Sometimes you will find yourself in a situation where you need to create an extrude-cut on a curved surface. People new to SOLIDWORKS get freaked out just at the thought of tackling such a complex endeavor, but it's not as difficult as it seems.
This tutorial will walk you through step-by-step the process of how to create an extrude-cut on a curved surface in SOLIDWORKS and offer a few quick tips along the way.
Let's use the following part as an example:
There is not a single flat face on this part (other than the three primary planes) on which to base a classic 2D sketch for your cut.
The challenge is to create a blind cut into the model and have the bottom face of the hole maintain the shape of the original face before the cut. For now, we will assume no draft is necessary.
At this stage, there are questions we need to answer before proceeding:
Answering these questions will help frame the proper technique to use.
There are many approaches to a part like this. Here we will focus on using commands other than extrude-cut to get the job done.
First, let’s get the outline of the cut etched onto the face of the model.
The first step is to use the TOP Plane to sketch out a few splines and tangent arcs. Below are side and top views with the plane and sketch visible.
Next use the projected curve command to get the 2D slot shape to sort of well, project, itself down onto the surface:
Next, we will just copy the surface we want to start our cut on using the offset surface command with an offset value of 0. This is essentially a copy surface command. The result is a free-standing surface body that looks just like the original one on the solid model. This is a great way to keep the original solid model untouched while working on new geometry.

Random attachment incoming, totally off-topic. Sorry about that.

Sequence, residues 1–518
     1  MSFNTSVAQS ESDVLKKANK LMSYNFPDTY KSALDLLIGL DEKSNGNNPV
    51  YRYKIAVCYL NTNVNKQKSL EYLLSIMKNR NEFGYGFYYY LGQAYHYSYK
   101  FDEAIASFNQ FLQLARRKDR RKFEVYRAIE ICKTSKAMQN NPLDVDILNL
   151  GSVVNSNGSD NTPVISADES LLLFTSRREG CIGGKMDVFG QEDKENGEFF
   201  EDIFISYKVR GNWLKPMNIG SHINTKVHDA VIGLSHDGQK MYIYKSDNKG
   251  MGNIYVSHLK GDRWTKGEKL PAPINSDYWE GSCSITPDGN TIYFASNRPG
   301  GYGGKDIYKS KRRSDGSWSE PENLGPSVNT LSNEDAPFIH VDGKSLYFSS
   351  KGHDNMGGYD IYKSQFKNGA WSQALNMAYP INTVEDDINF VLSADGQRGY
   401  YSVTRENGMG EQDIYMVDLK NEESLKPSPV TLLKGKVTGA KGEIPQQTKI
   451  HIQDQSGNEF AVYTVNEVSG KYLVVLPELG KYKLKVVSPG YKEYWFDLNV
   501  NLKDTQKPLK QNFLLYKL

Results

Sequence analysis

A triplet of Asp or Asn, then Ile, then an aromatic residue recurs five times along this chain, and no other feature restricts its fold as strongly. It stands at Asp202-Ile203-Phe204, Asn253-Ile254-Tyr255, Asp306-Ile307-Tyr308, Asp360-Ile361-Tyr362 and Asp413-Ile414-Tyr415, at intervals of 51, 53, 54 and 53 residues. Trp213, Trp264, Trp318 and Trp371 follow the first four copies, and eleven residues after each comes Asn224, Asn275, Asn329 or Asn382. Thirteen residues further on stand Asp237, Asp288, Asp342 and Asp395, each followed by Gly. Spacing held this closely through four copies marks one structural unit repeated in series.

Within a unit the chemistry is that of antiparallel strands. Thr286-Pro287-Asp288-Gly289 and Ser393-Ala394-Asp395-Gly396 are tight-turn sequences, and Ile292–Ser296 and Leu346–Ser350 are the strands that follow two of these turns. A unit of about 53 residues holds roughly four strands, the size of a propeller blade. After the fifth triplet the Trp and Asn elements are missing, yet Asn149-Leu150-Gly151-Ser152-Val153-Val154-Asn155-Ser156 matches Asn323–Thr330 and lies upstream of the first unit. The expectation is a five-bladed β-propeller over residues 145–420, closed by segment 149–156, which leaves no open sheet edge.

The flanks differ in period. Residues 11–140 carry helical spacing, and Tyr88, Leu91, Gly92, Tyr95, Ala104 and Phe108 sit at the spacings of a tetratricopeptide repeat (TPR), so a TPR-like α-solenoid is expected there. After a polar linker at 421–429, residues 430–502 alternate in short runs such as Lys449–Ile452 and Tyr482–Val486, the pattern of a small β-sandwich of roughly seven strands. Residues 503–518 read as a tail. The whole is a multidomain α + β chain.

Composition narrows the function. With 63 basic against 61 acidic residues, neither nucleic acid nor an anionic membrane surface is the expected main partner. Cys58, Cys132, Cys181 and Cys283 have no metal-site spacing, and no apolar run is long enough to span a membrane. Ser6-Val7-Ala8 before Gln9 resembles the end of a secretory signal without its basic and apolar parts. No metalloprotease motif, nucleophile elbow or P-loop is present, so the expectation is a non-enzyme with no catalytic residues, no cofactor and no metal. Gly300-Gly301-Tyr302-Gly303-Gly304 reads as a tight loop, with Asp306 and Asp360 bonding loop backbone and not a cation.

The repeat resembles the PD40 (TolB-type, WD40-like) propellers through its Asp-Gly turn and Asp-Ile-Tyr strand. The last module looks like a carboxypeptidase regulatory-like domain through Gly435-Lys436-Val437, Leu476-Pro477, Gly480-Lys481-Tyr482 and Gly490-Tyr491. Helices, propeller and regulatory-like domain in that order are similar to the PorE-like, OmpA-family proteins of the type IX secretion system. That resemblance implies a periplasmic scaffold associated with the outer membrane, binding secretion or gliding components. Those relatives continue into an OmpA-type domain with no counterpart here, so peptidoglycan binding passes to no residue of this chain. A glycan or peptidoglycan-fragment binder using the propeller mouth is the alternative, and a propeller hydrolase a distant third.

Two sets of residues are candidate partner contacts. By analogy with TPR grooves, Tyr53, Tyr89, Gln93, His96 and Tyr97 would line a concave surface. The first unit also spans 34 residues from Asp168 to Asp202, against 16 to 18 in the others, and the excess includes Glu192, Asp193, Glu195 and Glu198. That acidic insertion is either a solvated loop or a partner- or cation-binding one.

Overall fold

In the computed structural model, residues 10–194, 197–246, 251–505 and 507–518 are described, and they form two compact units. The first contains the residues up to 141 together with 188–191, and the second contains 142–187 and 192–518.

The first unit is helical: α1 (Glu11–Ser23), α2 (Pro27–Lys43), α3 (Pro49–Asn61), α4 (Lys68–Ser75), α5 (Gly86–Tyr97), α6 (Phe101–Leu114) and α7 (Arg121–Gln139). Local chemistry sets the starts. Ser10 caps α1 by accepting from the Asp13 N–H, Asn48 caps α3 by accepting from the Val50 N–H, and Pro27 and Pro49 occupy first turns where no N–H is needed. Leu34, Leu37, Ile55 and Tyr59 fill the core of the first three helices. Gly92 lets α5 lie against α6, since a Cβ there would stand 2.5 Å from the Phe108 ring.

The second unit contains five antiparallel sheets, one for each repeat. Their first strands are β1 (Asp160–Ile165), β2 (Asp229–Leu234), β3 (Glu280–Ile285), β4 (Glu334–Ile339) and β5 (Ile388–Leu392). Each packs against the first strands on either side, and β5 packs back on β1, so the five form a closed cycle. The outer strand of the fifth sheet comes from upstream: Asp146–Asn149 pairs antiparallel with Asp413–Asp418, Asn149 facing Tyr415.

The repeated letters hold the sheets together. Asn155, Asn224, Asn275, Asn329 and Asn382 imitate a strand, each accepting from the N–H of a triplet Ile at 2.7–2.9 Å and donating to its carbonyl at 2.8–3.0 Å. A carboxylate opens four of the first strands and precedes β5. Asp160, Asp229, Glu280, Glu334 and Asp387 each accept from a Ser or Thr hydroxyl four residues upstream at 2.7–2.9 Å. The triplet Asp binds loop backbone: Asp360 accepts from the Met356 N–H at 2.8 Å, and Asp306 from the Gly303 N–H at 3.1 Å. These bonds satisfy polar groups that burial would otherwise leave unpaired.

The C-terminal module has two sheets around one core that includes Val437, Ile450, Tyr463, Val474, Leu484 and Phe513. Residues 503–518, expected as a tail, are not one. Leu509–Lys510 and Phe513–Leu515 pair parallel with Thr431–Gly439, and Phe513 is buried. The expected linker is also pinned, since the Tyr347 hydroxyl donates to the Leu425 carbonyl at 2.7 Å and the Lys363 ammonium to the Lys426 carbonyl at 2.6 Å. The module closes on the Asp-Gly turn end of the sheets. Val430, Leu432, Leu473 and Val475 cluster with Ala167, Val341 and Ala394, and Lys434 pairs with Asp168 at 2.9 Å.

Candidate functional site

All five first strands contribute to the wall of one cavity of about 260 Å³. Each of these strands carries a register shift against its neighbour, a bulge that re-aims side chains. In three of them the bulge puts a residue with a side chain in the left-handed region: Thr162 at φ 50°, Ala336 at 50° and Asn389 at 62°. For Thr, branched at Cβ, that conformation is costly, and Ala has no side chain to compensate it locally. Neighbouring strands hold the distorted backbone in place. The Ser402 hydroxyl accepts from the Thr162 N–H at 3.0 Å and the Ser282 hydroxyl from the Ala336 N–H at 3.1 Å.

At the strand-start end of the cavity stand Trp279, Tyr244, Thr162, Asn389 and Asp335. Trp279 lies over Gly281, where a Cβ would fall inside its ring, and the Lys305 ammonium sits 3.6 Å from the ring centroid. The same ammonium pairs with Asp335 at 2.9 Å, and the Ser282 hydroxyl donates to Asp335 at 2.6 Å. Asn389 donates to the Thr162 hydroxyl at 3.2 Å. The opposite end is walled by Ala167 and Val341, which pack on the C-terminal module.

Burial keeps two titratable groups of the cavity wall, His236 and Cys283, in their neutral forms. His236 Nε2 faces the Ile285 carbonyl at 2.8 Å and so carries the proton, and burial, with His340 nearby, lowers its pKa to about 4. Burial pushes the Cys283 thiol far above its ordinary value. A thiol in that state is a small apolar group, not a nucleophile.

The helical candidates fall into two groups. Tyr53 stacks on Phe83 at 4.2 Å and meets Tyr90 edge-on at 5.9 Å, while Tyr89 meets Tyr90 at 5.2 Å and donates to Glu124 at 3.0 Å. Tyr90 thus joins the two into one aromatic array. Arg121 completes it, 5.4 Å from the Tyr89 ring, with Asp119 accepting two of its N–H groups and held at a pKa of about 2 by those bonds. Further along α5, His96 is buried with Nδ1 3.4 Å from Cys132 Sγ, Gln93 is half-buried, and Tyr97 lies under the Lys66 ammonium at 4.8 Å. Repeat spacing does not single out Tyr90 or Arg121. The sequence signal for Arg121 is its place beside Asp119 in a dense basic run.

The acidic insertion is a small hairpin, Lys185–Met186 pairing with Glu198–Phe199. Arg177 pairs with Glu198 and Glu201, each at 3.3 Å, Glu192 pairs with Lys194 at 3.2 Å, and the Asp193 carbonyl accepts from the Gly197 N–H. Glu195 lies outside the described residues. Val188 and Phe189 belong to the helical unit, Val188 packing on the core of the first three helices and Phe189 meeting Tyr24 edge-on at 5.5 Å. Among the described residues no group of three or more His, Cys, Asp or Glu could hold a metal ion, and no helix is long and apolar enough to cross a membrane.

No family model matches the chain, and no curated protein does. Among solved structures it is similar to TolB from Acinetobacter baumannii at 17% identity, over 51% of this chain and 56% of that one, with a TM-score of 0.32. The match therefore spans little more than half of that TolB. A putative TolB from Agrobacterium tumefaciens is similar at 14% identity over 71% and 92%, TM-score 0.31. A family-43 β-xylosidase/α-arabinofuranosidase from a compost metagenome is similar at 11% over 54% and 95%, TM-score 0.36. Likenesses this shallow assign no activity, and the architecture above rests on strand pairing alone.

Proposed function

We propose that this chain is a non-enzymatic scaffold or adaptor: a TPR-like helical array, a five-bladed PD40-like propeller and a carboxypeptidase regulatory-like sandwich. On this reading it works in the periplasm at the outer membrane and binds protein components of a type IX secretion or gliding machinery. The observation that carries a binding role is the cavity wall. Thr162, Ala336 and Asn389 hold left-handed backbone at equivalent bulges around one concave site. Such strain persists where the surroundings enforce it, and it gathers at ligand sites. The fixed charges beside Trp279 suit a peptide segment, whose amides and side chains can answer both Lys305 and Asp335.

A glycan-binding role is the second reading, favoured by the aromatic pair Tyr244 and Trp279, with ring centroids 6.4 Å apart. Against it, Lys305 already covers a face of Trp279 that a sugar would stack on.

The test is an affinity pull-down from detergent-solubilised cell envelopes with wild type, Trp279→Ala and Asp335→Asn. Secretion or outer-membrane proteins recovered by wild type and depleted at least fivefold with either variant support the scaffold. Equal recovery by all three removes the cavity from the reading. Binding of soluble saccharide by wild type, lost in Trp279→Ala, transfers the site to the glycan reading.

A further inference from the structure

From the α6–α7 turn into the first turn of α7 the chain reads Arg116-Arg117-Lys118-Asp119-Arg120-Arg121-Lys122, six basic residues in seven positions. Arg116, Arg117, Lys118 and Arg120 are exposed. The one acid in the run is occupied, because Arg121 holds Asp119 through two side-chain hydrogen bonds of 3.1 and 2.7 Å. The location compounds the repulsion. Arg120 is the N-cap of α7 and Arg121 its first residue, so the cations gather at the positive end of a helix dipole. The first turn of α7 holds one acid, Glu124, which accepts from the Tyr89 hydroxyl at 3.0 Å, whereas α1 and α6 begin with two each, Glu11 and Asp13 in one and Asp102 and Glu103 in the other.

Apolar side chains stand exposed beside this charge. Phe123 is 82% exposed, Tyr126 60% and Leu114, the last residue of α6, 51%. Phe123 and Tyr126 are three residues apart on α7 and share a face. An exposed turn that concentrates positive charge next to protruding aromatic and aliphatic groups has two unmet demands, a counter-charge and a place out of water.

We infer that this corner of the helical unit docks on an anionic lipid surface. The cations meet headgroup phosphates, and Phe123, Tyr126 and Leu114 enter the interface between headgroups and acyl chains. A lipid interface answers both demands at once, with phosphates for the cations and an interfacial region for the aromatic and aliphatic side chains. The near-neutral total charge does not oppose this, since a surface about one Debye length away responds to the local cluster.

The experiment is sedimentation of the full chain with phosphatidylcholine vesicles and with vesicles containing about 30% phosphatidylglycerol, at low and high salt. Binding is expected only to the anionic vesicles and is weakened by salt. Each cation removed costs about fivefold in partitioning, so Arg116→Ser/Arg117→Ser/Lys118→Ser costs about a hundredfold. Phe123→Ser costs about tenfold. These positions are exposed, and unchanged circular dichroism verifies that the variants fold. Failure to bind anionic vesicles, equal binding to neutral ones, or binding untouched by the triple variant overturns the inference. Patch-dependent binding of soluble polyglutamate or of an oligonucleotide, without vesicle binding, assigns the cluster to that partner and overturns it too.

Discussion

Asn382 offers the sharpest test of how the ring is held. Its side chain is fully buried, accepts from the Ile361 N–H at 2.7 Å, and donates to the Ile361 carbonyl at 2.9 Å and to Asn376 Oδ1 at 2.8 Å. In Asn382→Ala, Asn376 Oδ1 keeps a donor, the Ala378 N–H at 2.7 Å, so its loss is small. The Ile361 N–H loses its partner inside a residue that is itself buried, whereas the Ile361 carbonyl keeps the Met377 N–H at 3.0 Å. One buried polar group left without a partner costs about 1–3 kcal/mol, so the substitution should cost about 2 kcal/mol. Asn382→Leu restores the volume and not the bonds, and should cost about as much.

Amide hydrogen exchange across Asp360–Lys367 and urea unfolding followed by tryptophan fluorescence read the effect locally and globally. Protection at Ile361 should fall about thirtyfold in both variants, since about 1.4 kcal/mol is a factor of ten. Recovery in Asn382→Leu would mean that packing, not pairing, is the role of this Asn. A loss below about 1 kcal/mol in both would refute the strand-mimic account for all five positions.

It will be on this surface that we will use the surface trim command. Select the previously created curve, and the surface created in the offset surface step, and then use the keep selections. The result is shown here:
Then run a simple offset surface command. The offset value will end up being the depth of your hole.
Here we did a 6mm offset resulting in two surface bodies:
Run a surface loft from the top body down to the bottom body, knit the three surface bodies together and you will now have a solid body that looks like this:
Note: Make sure to look at the solid bodies folder in the feature manager tree – some bodies may be hidden, and some bodies could have remained as surface bodies if you didn’t choose the Try to Form Solid option during your surface knit.
Finally, use the combine command with the subtract option to CUT this new solid body into the previous solid body: (initial solid body showing as blue outlines in the picture for clarity)
The final part:
There are many different ways to skin this cat. This was just one example. How many different ways do YOU know how to get this task done?
Our SOLIDWORKS CAD Cheat Sheet, featuring over 90 tips and tricks, will help speed up your process.
Editor's Note: This post was originally published in August 2015 and has been updated for accuracy and comprehensiveness.
About Jesse Ortman
Jesse Ortman is an Engineering Manager at GoEngineer. When Jesse isn’t working with customers to solve their engineering challenges or keeping up on the latest SOLIDWORKS innovations, you will most likely find him riding his fat bike.
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